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Baltimore #WeWantJustice

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Movimiento Político de Resistencia: Beyoncé reivindica el Poder Negro durante la Super Bowl. Durante el intermedio de la Super Bowl, el espectáculo deportivo más visto del mundo, la cantante Beyoncé presentó su nueva canción “Formation”, en la que denuncia los asesinatos de la policía contra los negros en Estados Unidos. Un día antes del evento, Beyoncé lanzó un polémico vídeo de la misma canción que empieza con una alusión al olvido de parte del gobierno de la población negra en Nueva Orleans, tras la devastadora inundación causada por el huracán Katrina en 2005. Después de un año en el que la policía cometió múltiples asesinatos raciales, Beyoncé abordó el tema de los derechos de los afroestadounidenses y se ganó el aplauso enfervorecido de los presentes y de los telespectadores. Durante la presentación, la estrella lució una chaqueta de cuero negro con bandoleras cruzadas frente al pecho, como si fuera militante de una organización armada.

Baltimore activist 'kidnapped' on live TV is found in jail. Lawyer: He had “hands up the whole time.” A peaceful human rights activist who participated in protests following Freddy Gray's death in Baltimore was "snatched" by police as live television news rolled. Joseph Kent, 21, became the subject of widespread concern on social media. The Morgan State University student was located today by Guardian reporters: he was "in a large bullpen with other inmates on the second floor of Baltimore central booking. " Kent asked his attorney Patrick Beatty to let everyone know he was okay, and to relay the message that the protests should remain peaceful. From the Guardian's exclusive: According to Beatty, the 21-year-old was imploring others to remain peaceful and return home when he was “snatched” off the street.

"Baltimore activist 'kidnapped' on live TV is in jail despite having hands up 'the whole time'" [] Joseph Kent was snatched off the street in Baltimore by police in full view of cameras. He shows how the news talks about black people by talking about white people instead. Baltimore's real, untelevised revolution. "The revolution will not be televised. " — Gil Scott Heron For hours on Saturday, I marched with City Bloc, a student activist organization, and alongside hundreds of other justice-seeking Baltimoreans in an attempt to bring justice, not revenge, to Baltimore in the aftermath of Freddie Gray's death while in the custody of Baltimore City police.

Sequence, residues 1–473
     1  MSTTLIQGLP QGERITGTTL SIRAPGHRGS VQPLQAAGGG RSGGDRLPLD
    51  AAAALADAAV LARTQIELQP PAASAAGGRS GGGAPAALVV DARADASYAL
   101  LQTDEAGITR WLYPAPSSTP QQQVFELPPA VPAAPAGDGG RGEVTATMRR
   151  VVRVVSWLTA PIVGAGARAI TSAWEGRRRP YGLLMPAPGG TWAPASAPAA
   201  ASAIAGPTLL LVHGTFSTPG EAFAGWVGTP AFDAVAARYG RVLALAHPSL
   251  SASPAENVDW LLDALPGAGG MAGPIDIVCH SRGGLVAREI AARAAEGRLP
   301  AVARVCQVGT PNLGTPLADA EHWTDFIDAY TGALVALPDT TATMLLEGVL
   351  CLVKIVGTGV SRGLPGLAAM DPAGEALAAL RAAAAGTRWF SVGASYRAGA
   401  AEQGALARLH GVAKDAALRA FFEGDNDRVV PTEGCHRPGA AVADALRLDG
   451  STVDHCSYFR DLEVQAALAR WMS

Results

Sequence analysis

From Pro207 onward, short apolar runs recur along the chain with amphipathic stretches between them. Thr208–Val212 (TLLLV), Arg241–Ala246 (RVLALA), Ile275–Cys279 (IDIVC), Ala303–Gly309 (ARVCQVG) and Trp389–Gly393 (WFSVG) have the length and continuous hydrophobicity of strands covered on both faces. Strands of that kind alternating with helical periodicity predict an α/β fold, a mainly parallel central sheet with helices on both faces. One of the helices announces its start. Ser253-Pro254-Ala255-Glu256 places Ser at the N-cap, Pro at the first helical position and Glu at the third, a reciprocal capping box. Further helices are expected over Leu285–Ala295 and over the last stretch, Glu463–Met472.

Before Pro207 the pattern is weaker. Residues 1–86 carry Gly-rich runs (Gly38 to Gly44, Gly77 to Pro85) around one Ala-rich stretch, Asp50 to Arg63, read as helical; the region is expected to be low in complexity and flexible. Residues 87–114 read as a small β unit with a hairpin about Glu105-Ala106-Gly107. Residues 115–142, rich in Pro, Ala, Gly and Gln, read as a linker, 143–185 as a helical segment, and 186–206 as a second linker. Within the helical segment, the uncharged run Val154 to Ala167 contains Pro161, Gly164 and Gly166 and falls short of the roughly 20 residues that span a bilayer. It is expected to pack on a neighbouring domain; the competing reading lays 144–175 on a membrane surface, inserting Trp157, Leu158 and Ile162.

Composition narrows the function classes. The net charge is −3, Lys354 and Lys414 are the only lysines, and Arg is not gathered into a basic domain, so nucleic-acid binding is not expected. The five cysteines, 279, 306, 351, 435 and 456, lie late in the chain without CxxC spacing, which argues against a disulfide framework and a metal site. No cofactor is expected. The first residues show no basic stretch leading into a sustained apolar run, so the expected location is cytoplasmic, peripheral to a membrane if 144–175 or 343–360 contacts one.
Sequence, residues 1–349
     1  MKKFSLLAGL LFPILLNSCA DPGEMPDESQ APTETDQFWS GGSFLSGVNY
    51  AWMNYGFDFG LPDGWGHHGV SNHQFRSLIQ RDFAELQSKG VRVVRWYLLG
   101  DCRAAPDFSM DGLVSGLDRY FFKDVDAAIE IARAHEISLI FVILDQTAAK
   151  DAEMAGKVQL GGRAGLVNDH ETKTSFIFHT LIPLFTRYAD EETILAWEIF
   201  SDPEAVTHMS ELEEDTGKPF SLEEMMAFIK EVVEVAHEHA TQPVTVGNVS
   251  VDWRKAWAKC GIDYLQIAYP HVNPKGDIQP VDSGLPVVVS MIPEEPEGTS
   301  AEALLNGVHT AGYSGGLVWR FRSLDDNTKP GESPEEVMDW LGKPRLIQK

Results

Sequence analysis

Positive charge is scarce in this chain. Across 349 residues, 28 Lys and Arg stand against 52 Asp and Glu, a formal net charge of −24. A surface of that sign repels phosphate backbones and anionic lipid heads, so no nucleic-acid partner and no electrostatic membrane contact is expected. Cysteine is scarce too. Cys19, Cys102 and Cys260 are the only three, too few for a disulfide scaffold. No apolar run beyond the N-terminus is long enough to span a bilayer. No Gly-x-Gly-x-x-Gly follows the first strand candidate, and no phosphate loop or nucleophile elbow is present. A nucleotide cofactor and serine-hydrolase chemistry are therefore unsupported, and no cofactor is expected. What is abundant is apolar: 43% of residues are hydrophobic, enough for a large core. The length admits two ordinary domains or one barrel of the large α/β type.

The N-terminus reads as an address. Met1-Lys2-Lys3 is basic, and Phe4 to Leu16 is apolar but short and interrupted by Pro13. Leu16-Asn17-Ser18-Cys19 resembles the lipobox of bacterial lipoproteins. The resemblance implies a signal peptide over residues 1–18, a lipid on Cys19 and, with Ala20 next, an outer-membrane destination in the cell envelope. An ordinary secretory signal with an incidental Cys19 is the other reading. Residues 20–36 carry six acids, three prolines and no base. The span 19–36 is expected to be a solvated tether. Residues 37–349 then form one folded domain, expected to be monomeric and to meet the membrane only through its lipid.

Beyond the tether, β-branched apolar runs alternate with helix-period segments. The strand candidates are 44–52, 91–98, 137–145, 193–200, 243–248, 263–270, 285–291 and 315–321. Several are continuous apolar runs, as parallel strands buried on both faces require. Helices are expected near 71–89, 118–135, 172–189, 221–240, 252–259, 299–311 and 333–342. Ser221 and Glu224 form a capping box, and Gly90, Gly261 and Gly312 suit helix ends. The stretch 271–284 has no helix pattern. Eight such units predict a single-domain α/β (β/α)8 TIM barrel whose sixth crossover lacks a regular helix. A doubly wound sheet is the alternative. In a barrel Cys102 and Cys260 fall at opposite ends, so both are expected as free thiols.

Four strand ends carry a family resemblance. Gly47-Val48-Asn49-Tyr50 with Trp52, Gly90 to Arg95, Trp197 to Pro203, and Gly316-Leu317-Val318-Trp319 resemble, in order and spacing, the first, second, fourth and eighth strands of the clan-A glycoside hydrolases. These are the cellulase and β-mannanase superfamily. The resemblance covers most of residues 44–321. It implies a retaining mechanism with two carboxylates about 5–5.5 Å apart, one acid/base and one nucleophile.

During the endless hours of nonviolent protesting in which I participated, I felt proud to fight against the deplorable powers that be — I felt that my voice had been empowered as a youth in Baltimore City speaking out against injustice. As I began my job babysitting that Saturday night, after a long day of marching and chanting, my phone began buzzing, notifying me of the violence that had erupted in downtown Baltimore. At that moment, powerlessness overcame me. The voice that I had projected for the entire day and the dedication that so many Baltimore citizens had put into peaceful protests was crushed in an instant. Eyewitnesses: The Baltimore Riots Didn't Start the Way You Think.

Patrick Semansky/AP After Baltimore police and a crowd of teens clashed near the Mondawmin Mall in northwest Baltimore on Monday afternoon, news reports described the violence as a riot triggered by kids who had been itching for a fight all day. But in interviews with Mother Jones and other media outlets, teachers and parents maintain that police actions inflamed a tense-but-stable situation. The funeral of Freddie Gray, a 25-year-old black man who died in police custody this month, had ended hours earlier at a nearby church. According to the Baltimore Sun, a call to "purge"—a reference to the 2013 dystopian film in which all crime is made legal for one night—circulated on social media among school-aged Baltimoreans that morning.

The rumored plan—which was not traced to any specific person or group—was to assemble at the Mondawmin Mall at 3 p.m. and proceed down Pennsylvania Avenue toward downtown Baltimore. Police were forcing busses to stop and unload all their passengers.